In 1854, cholera struck the Soho district of London, and a physician named John Snow used maps to chart the locations of outbreaks. Snow concluded that many cases could be traced back to a single public water pump. He was one of the first to use a geographic information system (GIS) concept to solve a significant problem in healthcare. (Read more at:

Today, GIS is no different. It continues to solve problems in healthcare and other industry sectors—and it is rapidly advancing new capabilities that not only problem-solve, but that transform businesses and how GIS professionals, employees and managers make decisions and do their jobs.

The power of GIS

“The power of GIS is now reaching entire organizations,” said Brian Cross, director of the professional services division for Esri, which provides mapping software, spatial data analytics and location intelligence. “For many years GIS has been a powerful scientific analytical toolset used by experts who created maps and analysis results, but in the last five years the technology has evolved so that every worker in the enterprise has access to location intelligence to help them do their work more effectively.”

This organization-wide transformation has democratized GIS by placing it into the hands of many more people so they can now do their jobs without necessarily needing to be GIS experts.

“Modern applications also allow people to do work in the field and sync that back with headquarters,” said Cross. “So, while GIS has always been a system of record, it has now evolved into a system of engagement and insight that everyone in an entire organization can take advantage of.”

In the midst of this transformation, the smart phone has played a major role in spreading GIS capabilities across organizations and their customer bases. 

“Smart mobile phones have radically changed how both consumers and businesses use GIS systems,” said Bruno Fernandez-Ruiz, co-founder and CTO of Nexar, which develops software to protect individuals and businesses against car crashes and road casualties. “The marriage of GPS and cellular modems in the form of a phone have made location services available to the mass market, resulting in unprecedented use of geospatial data in applications and the appearance of completely new business processes that can only be done in the field, such as surveying a car crash site.”

The new GIS “System of Systems”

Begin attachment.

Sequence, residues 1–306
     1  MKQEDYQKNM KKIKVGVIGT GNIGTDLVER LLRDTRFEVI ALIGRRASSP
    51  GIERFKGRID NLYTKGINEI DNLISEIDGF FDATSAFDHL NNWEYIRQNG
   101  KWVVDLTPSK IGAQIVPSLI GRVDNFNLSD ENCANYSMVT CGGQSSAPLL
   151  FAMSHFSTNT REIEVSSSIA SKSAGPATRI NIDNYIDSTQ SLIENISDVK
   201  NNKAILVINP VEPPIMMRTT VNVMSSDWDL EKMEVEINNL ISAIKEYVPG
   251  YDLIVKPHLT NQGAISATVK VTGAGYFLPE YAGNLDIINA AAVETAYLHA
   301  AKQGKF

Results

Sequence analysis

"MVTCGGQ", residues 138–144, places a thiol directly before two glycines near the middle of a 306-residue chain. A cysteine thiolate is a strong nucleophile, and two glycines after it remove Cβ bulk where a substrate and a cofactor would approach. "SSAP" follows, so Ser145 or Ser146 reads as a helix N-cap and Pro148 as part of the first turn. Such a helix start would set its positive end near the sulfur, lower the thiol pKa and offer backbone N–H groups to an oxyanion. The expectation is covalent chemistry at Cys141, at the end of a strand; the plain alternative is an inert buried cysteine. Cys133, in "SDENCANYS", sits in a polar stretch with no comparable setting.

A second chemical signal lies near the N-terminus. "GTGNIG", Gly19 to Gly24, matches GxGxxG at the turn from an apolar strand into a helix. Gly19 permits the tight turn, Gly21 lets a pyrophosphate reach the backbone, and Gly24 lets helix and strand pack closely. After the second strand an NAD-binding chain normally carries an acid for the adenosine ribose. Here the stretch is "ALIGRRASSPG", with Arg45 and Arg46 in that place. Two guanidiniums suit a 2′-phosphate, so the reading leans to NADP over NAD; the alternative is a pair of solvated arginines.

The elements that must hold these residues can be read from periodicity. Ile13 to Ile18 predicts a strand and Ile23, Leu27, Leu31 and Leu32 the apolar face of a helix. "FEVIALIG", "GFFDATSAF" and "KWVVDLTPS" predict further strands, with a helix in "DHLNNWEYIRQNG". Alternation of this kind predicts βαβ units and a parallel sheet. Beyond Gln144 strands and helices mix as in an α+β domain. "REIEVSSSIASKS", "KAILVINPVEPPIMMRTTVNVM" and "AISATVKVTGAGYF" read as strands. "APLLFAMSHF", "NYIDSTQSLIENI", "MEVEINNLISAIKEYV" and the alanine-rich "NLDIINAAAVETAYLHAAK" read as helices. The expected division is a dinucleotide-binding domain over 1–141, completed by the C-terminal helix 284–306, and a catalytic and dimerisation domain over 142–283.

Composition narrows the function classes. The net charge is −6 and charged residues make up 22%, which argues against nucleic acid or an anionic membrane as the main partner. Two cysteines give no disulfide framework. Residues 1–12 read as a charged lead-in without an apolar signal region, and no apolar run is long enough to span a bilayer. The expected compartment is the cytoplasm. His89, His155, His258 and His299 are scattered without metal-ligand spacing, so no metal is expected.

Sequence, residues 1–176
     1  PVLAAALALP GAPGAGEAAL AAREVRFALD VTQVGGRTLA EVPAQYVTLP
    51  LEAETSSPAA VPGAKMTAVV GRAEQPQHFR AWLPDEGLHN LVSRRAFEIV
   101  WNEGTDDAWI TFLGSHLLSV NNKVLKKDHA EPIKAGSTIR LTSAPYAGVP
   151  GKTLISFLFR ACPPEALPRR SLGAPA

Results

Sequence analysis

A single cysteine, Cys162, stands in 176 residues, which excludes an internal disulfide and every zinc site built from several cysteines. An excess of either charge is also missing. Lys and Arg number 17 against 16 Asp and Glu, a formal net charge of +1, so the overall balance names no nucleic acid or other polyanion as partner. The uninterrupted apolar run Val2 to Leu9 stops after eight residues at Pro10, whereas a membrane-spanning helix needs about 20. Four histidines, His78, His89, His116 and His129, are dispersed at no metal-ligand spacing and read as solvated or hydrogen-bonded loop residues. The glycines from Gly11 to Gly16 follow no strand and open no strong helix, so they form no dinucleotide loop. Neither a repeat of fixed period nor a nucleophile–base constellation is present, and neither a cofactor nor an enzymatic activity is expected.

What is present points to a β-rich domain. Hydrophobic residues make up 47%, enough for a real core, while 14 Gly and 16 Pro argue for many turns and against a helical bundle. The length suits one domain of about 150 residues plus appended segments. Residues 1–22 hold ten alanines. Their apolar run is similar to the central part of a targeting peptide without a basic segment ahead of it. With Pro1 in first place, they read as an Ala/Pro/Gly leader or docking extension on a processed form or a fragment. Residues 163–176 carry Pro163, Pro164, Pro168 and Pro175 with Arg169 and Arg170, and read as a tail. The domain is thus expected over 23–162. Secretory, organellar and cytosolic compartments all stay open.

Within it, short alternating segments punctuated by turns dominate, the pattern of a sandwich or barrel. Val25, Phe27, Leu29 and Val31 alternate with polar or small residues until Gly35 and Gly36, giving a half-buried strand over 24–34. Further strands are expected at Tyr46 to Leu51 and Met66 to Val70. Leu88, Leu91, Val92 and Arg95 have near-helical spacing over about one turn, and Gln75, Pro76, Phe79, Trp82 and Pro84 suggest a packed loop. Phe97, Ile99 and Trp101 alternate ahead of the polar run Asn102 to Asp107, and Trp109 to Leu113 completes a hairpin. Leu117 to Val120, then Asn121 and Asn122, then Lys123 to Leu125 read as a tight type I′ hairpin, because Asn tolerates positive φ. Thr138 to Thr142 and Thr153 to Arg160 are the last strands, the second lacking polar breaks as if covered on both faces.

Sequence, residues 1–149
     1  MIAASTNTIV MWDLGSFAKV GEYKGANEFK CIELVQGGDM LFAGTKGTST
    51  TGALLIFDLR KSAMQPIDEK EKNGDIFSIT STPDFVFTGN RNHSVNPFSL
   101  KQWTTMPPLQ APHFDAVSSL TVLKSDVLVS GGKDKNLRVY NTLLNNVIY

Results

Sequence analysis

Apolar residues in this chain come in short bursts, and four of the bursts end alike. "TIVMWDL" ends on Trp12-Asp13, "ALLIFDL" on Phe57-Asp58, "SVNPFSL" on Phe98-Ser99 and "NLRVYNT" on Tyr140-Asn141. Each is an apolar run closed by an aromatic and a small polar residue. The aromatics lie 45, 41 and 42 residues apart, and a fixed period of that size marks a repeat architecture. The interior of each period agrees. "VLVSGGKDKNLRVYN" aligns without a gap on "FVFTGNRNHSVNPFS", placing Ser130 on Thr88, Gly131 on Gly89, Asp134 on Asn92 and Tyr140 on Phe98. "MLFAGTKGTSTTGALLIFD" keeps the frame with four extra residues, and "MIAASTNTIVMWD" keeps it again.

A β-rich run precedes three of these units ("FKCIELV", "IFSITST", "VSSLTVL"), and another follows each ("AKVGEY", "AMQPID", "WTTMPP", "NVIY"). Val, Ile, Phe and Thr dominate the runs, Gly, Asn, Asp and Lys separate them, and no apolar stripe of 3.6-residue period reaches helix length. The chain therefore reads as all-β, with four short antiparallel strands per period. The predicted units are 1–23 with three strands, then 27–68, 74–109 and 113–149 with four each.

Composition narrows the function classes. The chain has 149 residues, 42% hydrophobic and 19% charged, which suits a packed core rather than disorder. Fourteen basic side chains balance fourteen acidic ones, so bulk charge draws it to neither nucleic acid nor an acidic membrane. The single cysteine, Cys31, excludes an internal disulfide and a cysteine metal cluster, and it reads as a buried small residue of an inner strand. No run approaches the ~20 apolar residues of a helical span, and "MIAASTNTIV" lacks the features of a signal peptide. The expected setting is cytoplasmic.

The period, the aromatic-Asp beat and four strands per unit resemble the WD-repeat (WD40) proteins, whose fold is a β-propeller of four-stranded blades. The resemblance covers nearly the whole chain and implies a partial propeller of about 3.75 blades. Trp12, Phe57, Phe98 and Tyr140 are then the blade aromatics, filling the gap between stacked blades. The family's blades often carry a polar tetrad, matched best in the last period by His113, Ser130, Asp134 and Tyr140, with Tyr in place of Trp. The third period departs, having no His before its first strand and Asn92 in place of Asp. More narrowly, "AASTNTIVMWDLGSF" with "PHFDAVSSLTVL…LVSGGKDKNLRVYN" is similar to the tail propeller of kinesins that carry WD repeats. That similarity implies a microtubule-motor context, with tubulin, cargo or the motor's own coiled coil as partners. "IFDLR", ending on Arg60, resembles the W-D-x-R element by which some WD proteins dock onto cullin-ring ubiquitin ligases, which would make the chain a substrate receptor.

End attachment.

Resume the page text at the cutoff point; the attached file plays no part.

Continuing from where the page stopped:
With GIS enablement occurring across software and devices and central GIS management systems being hosted in the cloud, GIS is fast becoming a “system of systems.”

“Organizations can share geospatial layers and analytic results within their enterprise and with other organizations as web layers,” said Cross. “They are also taking advantage of cloud and web services, smart phones, and apps to facilitate these connections like never before.”

At the same time, the proliferation of data coupled with the rapid velocities of Internet of Things (IoT) and big data have caused GIS to emerge as a powerful big data analytics management tool because it looks at data in its geographic context and can use sophisticated algorithms to make sense of that data.

“The increasing availability of real-time information means that GIS is now a live, interactive, fully integrated component of an organization receiving and sending data as it happens,” said Cross. “The proliferation of sensors and devices that are always on and receiving data create immediate understanding of operational awareness and provide up-to-the minute decision support.”

Just as importantly, artificial intelligence (AI), and machine learning have extended the capabilities of GIS analytics.

“We actually see three interrelated technologies playing a key role in changing how geospatial data is captured, collected, analyzed and published,” said Fernandez-Ruiz. “With more Internet of Things devices, including mobile devices, it’s now possible to capture all the time, any data, and anywhere. All this data can be crunched and structured thanks to the progress of big data analytics. And not only that, we can now apply advanced Artificial Intelligence and deep learning techniques to automatically extract insights from these vast amounts of data.”